An historic torpedo has been traced

A few months ago I reported that an historic Howell torpedo had been found off the California coast.  Now it’s been reported that the origin of the torpedo has been determined.  The US Navy reports:

Naval History and Heritage Command‘s (NHHC) Underwater Archeology Branch (UAB) dove into the history of a recently-discovered late-19th century No. 24 Howell Torpedo, Aug. 9, and they scored a direct hit.

“We started looking through SECNAV (Secretary of the Navy) reports and narrowed it down to eight ships which had been outfitted with Howell Torpedoes,” said Mikala Pyrch, a George Washington University intern with UAB who discovered where the torpedo’s origin. “From there we figured which ships had gone through the Pacific Fleet or spent any time in California along the coast. That narrowed it down the USS Marblehead and the USS Iowa. We went to the National Archives and looked in the deck logs. I saw that in December of 1899 Iowa had been doing target practice with the torpedoes and had lost… Howell No. 24.”

USS Iowa (BB-4) (image courtesy of US Navy)

The logs indicated that Iowa had been anchored off San Diego from Dec. 18, 1899 through Jan. 15, 1900 conducting training exercises. On Dec. 20, 1899, under miscellaneous events, the log entry noted, “Lost H. Mark 1, No. 24 torpedo.” This was the sole reference to the loss.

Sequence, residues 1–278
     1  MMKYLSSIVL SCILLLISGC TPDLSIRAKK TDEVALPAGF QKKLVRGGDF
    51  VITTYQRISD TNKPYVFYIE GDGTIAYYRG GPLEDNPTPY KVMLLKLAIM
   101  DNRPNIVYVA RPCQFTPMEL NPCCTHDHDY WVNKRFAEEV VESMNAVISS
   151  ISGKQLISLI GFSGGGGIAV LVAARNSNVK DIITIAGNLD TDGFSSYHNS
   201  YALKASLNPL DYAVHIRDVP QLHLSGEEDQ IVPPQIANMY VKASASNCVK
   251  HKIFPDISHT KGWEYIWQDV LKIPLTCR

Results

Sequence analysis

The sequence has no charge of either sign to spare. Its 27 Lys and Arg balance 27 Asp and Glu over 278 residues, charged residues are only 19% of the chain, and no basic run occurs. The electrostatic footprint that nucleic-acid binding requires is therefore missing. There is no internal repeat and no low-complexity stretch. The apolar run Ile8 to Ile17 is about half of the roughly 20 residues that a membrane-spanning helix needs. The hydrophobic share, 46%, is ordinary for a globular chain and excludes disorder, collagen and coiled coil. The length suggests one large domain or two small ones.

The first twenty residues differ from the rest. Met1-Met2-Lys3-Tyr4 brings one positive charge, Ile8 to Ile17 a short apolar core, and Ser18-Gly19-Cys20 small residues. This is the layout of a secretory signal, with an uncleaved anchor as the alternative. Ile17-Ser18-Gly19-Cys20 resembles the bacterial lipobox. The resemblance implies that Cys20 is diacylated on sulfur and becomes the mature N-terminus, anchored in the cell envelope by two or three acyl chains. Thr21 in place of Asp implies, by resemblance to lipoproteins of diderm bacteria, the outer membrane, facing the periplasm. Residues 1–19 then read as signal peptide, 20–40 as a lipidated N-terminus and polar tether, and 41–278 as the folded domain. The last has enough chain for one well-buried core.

When used in training exercises, Howell torpedoes were fitted with a practice warhead that was attached to the midsection by four pins and a single screw. UAB scientists believe during the exercise, the practice warhead may have detached, providing a possible explanation for why only the mid- and tail-sections of the torpedo were found.

. . .

USS Iowa (BB-4) was constructed between 1893 and 1896 and participated in the Spanish-American War, most notably in the Battle of Santiago de Cuba July 2, 1898. Iowa was assigned to the Pacific Fleet from 1899 to 1902 to conduct training cruises, drills, and target practice.

The Howell torpedo, named for Lt. Cmdr. John A. Howell, the primary contributor, was developed between 1870 and 1889. The Howell, the first propelled torpedo, was 11-feet long, made of brass and It had a range of 400 yards, a speed of 25 knots, and a warhead filled with 100 pounds of explosive.

There’s more at the link.

It’s fascinating to recover a relic of the first type of torpedo that really worked, fired from a battleship that participated in the Spanish-American War.  History indeed!



  1. It had a range of 400 yards!I know a guy who shoots deer at that range, that is a bit close to be torpedoing anything but I guess they had to start somewhere.

Leave a comment

Your email address will not be published. Required fields are marked *